Each Default Field consists of a field name, a default value for this field - which can be empty - and a flag which controls whether the value of this field will be visible in the schematic editing screen and the printed schematic.

These configuration items are part of the Eeschema configuration and are not part of any schematic sheet or project.

The one or more Default Fields specified here do not exist in any components in schematics or in  schematic libraries until each such component is edited and the "OK" button is pressed in the edit dialogue box.  Then, the one or more Default Fields are added to the already existing fields for this component, starting at field 4, with any previously existing fields 4 and above being renumbered accordingly.  Changes can be made to the value and/or visibility flag during this initial edit session or at any subsequent time. 

Later changes to the default value of a Default Field will not affect the value of fields which have already been added to components.  Once one or more fields have been added to a component, each also has parameters for position, size and orientation of the text, when displayed in the schematic.


05 - Data Structures for KiCad - especially for generating BOMs

Please see the separate page kicad-data-structures/ for an account at my initial attempts at creating and populating fields in Eeschema schematic and library components for the purposes of helping with parts ordering etc. 

I was able to get a grouped BOM (all components which are the same accounted for on a single line) as a CSV file, very nicely, with Wolf Walter's .SLT file.  This worked fine with the new fields I added to schematic components.


06 - Converting from old Protel files, including from Autotrax for DOS (1989)

On 2016-02-13 I started a thread on converting from old DOS Autotrax PCB files, via Protel 99, through various other stages to generate KiCad PCB files.  This is also a way of transferring PCB components ("footprints" in KiCad parlance) from these old systems into PCB files from which they can be added to the KiCad footprint library.  The techniques discussed in this thread lead to a bug report https://bugs.launchpad.net/kicad/+bug/1547822 which resulted in Eldar Khayrullin improving the import facility for P-CAD ASCII files, which can be exported from Altium.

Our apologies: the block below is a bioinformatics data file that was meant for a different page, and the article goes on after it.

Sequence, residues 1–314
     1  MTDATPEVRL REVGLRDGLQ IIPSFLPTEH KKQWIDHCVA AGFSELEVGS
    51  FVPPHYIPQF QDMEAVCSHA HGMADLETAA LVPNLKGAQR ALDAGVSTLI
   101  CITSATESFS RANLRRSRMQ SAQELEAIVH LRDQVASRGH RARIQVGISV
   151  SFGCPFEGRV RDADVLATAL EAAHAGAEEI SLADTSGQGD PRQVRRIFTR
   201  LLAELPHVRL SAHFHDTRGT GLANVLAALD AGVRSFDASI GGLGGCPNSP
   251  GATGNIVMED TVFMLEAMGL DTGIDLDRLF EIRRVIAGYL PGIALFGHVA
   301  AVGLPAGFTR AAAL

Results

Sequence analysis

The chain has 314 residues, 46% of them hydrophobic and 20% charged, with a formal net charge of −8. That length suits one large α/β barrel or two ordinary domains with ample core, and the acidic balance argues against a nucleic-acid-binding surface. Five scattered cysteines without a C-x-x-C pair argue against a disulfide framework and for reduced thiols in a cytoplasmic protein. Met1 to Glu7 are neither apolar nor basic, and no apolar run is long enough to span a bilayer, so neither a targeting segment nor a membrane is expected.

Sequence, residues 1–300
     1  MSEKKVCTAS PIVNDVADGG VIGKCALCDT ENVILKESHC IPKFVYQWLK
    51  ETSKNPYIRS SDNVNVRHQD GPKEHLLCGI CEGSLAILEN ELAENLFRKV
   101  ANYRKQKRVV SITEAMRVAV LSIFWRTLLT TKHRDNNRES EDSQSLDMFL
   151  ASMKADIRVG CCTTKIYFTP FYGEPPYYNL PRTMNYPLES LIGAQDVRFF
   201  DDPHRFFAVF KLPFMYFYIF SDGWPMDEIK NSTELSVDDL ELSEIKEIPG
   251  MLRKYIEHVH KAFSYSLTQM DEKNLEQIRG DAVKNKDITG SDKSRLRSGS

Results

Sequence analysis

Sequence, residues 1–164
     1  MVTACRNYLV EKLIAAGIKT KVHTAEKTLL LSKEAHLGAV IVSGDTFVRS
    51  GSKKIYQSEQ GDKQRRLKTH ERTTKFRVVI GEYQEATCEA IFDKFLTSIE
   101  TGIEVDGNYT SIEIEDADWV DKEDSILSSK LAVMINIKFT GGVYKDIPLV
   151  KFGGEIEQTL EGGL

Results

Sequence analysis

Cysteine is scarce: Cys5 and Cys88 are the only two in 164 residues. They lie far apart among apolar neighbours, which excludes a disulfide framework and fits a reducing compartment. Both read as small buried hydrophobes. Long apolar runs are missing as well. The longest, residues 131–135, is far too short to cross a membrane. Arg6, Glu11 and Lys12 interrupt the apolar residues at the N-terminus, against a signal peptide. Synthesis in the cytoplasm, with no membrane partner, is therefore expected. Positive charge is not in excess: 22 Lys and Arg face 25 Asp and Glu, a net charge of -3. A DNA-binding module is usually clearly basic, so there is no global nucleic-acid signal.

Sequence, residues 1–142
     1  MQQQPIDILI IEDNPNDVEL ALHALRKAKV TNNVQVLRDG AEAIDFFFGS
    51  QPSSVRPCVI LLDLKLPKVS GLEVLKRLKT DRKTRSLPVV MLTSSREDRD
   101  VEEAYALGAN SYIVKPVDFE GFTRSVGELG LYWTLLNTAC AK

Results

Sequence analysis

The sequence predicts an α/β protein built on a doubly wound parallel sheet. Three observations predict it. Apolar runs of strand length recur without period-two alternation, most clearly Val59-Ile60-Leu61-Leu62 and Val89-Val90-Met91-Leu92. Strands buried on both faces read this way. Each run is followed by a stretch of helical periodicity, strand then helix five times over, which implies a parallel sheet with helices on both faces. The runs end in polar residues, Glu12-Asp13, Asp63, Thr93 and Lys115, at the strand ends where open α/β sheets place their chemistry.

So the path of conversion is from DOS Autotrax to Protel 99, and from there to a free trial version of Altium, which exports P-CAD ASCII files which can be imported reliably into KiCad.  Initially I used Eagle in one of the later steps too, but the improved import facility makes this unnecessary.

Search engine bait:  Protel to KiCad; Autotrax to KiCad.


07 - Deciding exactly on SMT footprints using standards documents, software etc.

It turns out that deciding on exact dimensions of SMT pads for resistors, capacitors, diodes, transistors - and probably everything else -  is a Black Art.  This is not the sort of problem I wanted to deal with while taking my first steps in designing SMT boards, but it can't be avoided.  I started a thread in the KiCad Users Mailing List on 2016-02-24 about what I found in terms of standards documents such as IPC-7351C, software and the like which helped with these decisions.  The discussion was very fruitful.

A note to anyone starting with KiCad: be sure to establish your own libraries for both schematic components and PCB footprints (previously known and "modules").  This is not clearly explained in the documentation.  This has been explained numerous times in the mailing list, most recently in discussions starting on 2016-04-19.  It takes a while to understand what these libraries are and how to edit them.  The GitHub libraries are a starting point - it may be a good idea to start with some of these items and modify them to suit your exact purposes.  Otherwise, with a bit more experience, it can be best to start from scratch - or for schematic components with lots of pins, see the links section below. 


08 - Links

A web-based system for creating schematic components (such as to import into the Eeschema library editor) for large DIP devices.  This is particularly handy for creating schematic components with large numbers of pins, such as with 28 pin DIP PIC chips etc.  With a text file of pin numbers and names, a little work with the web page, I was able to make a perfectly satisfactory schematic component:


A link farm of numerous KiCad-related sites.  I will not try to duplicate it here - please check it out:


This is part of a site devoted to sharing KiCad libraries:


A system for using a schematic's BOM output to find prices of parts at multiple distributors:


Update history:

© Robin Whittle 2016 First Principles and Real World Interfaces